Rister, Blaine, Rubin, Daniel L

Although artificial neural networks have shown great promise in applications including computer vision and speech recognition, there remains considerable practical and theoretical difficulty in optimizing their parameters. The seemingly unreasonable success of gradient descent methods in minimizing these non-convex functions remains poorly understood. In this work we offer some theoretical guarantees for networks with piecewise affine activation functions, which have in recent years become the norm. We prove three main results. Firstly, that the network is piecewise convex as a function of the input data. Secondly, that the network, considered as a function of the parameters in a single layer, all others held constant, is again piecewise convex. Finally, that the network as a function of all its parameters is piecewise multi-convex, a generalization of biconvexity. From here we characterize the local minima and stationary points of the training objective, showing that they minimize certain subsets of the parameter space. We then analyze the performance of two optimization algorithms on multi-convex problems: gradient descent, and a method which repeatedly solves a number of convex sub-problems. We prove necessary convergence conditions for the first algorithm and both necessary and sufficient conditions for the second, after introducing regularization to the objective. Finally, we remark on the remaining difficulty of the global optimization problem. Under the squared error objective, we show that by varying the training data, a single rectifier neuron admits local minima arbitrarily far apart, both in objective value and parameter space.

Chung, A. G., Shafiee, M. J., Wong, A.

The approximation of nonlinear kernels via linear feature maps has recently gained interest due to their applications in reducing the training and testing time of kernel-based learning algorithms. Current random projection methods avoid the curse of dimensionality by embedding the nonlinear feature space into a low dimensional Euclidean space to create nonlinear kernels. We introduce a Layered Random Projection (LaRP) framework, where we model the linear kernels and nonlinearity separately for increased training efficiency. The proposed LaRP framework was assessed using the MNIST hand-written digits database and the COIL-100 object database, and showed notable improvement in object classification performance relative to other state-of-the-art random projection methods.

Markov chain Monte Carlo (MCMC) algorithms are simple and extremely powerful techniques to sample from almost arbitrary distributions. The flaw in practice is that it can take a large and/or unknown amount of time to converge to the stationary distribution. This paper gives sufficient conditions to guarantee that univariate Gibbs sampling on Markov Random Fields (MRFs) will be fast mixing, in a precise sense. Further, an algorithm is given to project onto this set of fast-mixing parameters in the Euclidean norm. Following recent work, we give an example use of this to project in various divergence measures, comparing of univariate marginals obtained by sampling after projection to common variational methods and Gibbs sampling on the original parameters.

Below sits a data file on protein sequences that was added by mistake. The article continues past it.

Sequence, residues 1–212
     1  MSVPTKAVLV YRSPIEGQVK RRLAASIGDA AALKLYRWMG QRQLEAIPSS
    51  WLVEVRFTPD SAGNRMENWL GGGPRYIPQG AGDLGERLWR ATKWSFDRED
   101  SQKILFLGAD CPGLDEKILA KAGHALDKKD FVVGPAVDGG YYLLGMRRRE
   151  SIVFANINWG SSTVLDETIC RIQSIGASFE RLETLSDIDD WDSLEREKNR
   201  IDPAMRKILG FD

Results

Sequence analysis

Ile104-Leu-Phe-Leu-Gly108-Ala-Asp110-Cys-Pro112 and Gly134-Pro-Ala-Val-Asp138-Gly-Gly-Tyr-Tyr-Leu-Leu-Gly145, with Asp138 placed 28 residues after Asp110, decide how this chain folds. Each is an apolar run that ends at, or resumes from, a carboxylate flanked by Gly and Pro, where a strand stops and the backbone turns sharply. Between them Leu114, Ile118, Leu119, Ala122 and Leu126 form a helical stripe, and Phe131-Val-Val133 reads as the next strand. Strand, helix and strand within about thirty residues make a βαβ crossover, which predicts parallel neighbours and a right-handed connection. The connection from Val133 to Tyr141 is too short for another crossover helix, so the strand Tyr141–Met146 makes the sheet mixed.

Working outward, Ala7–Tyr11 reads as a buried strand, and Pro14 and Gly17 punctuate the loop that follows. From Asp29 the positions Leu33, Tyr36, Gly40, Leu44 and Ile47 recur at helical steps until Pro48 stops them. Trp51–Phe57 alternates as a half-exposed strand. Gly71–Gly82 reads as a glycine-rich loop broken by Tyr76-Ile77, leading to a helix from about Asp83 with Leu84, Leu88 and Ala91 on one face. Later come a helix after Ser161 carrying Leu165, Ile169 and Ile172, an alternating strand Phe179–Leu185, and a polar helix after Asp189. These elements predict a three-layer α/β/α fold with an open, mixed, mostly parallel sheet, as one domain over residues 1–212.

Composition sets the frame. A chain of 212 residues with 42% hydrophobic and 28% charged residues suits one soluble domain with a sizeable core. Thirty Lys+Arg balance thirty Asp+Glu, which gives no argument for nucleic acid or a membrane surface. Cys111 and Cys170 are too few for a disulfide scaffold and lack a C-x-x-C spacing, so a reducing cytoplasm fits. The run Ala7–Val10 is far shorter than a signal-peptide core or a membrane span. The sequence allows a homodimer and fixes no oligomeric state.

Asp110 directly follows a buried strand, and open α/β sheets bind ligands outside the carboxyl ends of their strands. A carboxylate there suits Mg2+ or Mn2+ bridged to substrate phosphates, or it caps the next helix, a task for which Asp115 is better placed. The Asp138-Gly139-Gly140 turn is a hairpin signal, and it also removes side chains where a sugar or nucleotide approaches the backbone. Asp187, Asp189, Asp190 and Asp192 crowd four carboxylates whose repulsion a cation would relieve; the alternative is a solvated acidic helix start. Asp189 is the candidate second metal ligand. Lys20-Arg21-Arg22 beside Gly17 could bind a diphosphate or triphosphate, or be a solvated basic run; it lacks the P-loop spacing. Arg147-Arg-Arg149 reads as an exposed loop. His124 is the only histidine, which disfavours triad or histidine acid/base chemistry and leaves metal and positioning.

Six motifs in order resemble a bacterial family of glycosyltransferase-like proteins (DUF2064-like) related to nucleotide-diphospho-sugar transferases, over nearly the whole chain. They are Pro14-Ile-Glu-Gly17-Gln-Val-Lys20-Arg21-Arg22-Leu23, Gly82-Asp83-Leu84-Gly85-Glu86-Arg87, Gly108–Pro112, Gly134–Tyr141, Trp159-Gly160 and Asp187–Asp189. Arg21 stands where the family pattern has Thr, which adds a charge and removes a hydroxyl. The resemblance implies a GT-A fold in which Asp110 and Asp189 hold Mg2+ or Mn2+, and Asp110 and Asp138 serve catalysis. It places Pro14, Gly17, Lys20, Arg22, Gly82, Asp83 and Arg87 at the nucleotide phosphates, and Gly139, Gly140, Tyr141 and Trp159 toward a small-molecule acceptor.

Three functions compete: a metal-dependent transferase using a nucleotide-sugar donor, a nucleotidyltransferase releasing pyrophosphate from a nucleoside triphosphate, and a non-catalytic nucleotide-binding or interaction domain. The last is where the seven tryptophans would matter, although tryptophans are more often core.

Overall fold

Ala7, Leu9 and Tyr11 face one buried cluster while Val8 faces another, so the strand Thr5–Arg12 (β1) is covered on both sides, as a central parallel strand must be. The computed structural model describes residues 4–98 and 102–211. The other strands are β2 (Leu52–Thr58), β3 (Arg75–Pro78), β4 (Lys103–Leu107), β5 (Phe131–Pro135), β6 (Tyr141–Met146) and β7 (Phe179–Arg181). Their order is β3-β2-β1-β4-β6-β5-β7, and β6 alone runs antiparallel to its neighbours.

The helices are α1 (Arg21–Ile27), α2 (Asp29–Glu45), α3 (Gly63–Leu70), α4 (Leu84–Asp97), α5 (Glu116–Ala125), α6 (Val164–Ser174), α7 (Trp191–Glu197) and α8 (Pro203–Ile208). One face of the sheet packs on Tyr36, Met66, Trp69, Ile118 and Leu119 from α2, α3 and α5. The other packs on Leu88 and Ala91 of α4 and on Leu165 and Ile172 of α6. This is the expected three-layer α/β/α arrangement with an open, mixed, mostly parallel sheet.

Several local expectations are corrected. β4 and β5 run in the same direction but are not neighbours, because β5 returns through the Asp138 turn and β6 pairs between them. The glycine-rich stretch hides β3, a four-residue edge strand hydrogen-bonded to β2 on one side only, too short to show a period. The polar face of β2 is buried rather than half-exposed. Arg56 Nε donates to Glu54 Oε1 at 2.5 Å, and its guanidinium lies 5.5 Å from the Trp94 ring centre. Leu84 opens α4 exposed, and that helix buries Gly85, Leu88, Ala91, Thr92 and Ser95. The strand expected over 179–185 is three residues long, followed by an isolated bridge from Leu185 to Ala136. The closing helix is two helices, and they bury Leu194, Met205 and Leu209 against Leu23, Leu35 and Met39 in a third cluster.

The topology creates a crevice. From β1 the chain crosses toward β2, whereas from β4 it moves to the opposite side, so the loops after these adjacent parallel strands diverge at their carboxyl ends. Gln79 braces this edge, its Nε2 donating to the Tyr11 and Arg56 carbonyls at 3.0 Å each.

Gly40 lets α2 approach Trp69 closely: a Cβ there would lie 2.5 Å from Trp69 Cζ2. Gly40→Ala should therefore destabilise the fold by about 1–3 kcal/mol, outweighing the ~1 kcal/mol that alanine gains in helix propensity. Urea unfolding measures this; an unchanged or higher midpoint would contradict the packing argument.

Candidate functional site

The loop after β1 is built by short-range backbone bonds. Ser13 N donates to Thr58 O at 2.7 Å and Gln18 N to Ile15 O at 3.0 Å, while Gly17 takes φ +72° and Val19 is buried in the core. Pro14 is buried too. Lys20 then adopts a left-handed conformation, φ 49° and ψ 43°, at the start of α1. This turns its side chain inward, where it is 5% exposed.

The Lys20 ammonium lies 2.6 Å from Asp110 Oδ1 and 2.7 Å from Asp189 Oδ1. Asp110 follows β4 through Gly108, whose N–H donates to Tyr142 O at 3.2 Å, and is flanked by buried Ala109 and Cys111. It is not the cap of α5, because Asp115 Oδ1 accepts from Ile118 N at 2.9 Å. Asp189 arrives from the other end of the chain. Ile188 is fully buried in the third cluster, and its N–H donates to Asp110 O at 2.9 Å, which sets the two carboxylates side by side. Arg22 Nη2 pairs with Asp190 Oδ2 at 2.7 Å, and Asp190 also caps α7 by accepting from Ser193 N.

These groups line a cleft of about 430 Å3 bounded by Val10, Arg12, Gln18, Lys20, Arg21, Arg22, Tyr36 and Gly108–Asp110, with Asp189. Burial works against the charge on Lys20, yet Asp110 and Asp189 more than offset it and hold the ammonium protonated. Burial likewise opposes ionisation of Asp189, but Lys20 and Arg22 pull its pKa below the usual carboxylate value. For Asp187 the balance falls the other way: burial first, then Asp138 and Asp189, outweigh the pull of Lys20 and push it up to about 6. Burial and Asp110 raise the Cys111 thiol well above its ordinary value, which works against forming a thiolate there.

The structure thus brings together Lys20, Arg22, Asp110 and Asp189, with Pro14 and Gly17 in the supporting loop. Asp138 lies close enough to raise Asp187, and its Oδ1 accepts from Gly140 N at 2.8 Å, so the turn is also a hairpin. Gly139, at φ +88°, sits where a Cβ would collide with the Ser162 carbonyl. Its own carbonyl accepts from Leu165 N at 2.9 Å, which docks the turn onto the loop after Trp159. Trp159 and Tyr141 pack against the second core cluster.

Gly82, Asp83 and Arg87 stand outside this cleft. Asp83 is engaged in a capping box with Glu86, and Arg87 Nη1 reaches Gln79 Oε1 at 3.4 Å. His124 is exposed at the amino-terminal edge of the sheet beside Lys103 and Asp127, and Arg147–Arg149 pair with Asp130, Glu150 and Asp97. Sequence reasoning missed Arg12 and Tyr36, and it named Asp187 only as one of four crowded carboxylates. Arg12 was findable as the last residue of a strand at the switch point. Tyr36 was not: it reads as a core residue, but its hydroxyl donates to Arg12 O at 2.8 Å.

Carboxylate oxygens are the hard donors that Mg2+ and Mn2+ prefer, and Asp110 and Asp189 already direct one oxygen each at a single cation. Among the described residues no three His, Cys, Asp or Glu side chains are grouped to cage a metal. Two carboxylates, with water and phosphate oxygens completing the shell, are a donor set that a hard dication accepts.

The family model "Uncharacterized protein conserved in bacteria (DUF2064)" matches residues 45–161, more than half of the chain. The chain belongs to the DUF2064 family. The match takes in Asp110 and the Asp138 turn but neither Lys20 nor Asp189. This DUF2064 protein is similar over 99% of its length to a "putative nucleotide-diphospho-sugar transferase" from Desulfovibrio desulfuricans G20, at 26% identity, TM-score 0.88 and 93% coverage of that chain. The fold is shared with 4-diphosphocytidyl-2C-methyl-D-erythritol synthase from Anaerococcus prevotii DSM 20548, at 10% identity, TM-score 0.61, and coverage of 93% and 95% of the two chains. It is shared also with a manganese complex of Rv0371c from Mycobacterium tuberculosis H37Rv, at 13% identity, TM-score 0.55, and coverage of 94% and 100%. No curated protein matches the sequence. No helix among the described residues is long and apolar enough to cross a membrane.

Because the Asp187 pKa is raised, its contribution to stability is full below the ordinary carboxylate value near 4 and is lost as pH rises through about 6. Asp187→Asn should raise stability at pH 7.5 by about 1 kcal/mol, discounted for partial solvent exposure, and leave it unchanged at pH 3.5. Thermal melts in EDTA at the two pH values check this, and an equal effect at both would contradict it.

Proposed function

We investigate projection methods, for evaluating a linear approximation of the value function of a policy in a Markov Decision Process context. We consider two popular approaches, the one-step Temporal Difference fix-point computation (TD(0)) and the Bellman Residual (BR) minimization. We describe examples, where each method outperforms the other. We highlight a simple relation between the objective function they minimize, and show that while BR enjoys a performance guarantee, TD(0) does not in general. We then propose a unified view in terms of oblique projections of the Bellman equation, which substantially simplifies and extends the characterization of (schoknecht,2002) and the recent analysis of (Yu & Bertsekas, 2008). Eventually, we describe some simulations that suggest that if the TD(0) solution is usually slightly better than the BR solution, its inherent numerical instability makes it very bad in some cases, and thus worse on average.

Markov chain Monte Carlo (MCMC) algorithms are simple and extremely powerful techniques to sample from almost arbitrary distributions. The flaw in practice is that it can take a large and/or unknown amount of time to converge to the stationary distribution. This paper gives sufficient conditions to guarantee that univariate Gibbs sampling on Markov Random Fields (MRFs) will be fast mixing, in a precise sense. Further, an algorithm is given to project onto this set of fast-mixing parameters in the Euclidean norm. Following recent work, we give an example use of this to project in various divergence measures, comparing univariate marginals obtained by sampling after projection to common variational methods and Gibbs sampling on the original parameters.